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Grant Thornton facing two FRC audit probes

BRITAIN’S FIFTH-LARGEST accountancy firm Grant Thornton suffered a double blow this week after the FRC launched two investigations into the firm’s audit work.

The accounting watchdog on Wednesday announced an investigation into Grant Thornton’s audit of Manchester Building Society, a day after it said it would probe the firm’s auditing of Nichols, the drinks company that makes Vimto.

In the case of Manchester Building Society, the FRC is to scrutinise Grant Thornton’s auditing of interest rate swap arrangements which gave rise to a prior period adjustment in the financial statements for the year ended 31 December 2012.

“The decision to investigate follows information received from the Prudential Regulation Authority in relation to the conduct of the auditors at the time,” the FRC said in a statement.

With regards to Nichols, the regulator will examine whether Grant Thornton was independent when it auditing the group’s financial statements for the two years to December 2012.

In response to its work vetting Nichols’ books Grant Thornton said: “We continue to deliver quality work for our clients and other stakeholders and go to great lengths to maintain our independence.”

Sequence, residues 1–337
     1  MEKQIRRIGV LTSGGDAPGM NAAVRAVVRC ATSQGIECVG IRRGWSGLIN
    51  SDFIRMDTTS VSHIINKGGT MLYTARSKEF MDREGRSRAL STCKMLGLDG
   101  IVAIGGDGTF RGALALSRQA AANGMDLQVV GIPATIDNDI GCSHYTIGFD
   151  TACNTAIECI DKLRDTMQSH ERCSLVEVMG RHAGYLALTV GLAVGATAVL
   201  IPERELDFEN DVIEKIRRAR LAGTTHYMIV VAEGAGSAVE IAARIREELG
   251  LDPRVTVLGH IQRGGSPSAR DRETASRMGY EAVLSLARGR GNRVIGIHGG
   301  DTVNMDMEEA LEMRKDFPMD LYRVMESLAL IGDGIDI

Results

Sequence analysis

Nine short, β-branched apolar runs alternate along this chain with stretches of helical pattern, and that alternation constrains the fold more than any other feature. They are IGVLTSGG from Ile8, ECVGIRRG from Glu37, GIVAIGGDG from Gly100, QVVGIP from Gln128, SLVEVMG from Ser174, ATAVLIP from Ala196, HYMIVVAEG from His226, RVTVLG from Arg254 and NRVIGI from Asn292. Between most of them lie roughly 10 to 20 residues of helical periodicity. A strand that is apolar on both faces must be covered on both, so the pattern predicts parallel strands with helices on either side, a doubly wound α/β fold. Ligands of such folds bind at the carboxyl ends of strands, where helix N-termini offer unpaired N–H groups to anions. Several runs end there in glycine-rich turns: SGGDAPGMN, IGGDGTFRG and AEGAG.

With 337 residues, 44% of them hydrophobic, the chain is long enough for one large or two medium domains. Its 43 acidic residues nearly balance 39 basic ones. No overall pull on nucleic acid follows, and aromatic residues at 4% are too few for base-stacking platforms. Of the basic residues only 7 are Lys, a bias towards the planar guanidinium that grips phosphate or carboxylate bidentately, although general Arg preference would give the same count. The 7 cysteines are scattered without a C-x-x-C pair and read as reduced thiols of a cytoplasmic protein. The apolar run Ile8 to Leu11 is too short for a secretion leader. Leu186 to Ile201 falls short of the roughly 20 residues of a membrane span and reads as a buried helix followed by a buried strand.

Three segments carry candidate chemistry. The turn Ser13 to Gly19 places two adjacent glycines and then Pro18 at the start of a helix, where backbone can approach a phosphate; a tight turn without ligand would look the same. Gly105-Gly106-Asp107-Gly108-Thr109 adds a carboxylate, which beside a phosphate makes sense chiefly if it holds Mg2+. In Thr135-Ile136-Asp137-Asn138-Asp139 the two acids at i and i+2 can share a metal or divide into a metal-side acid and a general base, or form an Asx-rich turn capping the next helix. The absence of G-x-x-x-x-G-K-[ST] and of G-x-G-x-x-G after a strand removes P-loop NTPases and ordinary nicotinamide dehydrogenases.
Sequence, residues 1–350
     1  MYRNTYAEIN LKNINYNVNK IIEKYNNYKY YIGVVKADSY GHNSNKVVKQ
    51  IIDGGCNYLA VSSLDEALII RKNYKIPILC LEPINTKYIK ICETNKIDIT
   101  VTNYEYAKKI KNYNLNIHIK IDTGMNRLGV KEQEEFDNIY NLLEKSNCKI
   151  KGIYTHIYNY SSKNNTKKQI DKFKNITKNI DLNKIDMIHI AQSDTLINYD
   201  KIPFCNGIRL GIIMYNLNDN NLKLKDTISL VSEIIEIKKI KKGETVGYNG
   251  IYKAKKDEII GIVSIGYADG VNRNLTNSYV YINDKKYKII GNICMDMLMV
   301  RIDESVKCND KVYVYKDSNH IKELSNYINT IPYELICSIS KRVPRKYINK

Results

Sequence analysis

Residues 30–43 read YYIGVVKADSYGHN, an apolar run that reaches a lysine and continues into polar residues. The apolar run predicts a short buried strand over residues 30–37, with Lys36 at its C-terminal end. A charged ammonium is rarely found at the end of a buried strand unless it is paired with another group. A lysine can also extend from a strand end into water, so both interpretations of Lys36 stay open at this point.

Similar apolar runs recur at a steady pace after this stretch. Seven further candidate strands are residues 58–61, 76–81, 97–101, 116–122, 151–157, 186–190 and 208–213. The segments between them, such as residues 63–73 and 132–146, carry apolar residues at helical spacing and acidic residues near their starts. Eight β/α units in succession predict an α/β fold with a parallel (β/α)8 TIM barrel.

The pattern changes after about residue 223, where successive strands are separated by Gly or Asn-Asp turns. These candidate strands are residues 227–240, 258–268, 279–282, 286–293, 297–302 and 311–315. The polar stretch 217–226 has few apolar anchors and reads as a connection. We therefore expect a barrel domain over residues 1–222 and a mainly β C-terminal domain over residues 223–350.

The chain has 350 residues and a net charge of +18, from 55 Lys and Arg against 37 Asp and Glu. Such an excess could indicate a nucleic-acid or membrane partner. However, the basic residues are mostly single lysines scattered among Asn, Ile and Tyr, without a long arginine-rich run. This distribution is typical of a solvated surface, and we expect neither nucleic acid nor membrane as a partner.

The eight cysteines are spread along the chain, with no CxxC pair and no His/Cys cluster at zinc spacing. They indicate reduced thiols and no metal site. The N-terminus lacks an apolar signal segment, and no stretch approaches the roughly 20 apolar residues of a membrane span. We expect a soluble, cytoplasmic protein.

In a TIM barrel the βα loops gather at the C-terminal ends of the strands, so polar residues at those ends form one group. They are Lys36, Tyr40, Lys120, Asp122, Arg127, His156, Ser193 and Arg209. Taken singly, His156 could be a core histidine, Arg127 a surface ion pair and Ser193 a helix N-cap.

Regarding the investigation into Manchester Building Society the firm said: “The FRC and Grant Thornton have a common interest in promoting good corporate governance and reporting standards and as such we alerted the regulator as soon as we became aware of a potential issue.”

The investigations will take around 12 months, with the most recent case becoming the FRC’s fourth investigation into a firm’s audit work this year. In May, it announced it was investigating whether KPMG was independent when it audited the 2010 and 2011 accounts of car dealer Pendragon, while also separately investigating whether a KPMG partner’s shareholding in a client company breached ethical standards.

However, last week the watchdog was forced to drop an earlier investigation into KPMG’s conduct as auditors of BAE between 1997 and 2007 as there was “no realistic prospect” of securing an adverse finding against the Big Four firm because it would have to look at work done before 1997.

The investigation had focused on commissions paid by BAE to third parties and followed a bribery investigation by the US and UK authorities. In February 2010, BAE paid fines totalling £285m to settle claims of false accounting and failure to keep reasonably accurate accounting records.

That came in the same week that the FRC won its long-running case against Deloitte and one of its partners, Maghsoud Einollahi, over their role in advising the owners of MG Rover in 2000 over two transactions. The FRC has alleged that Deloitte and Einollahi failed to adequately consider the public interest and mitigate risks of conflicts when they gave their advice.

An independent tribunal rules that they had committed misconduct in their roles. The tribunal will calculate sanctions according to new guidance issued by the FRC in February, which could result in a fine based on the fee income of the firm.

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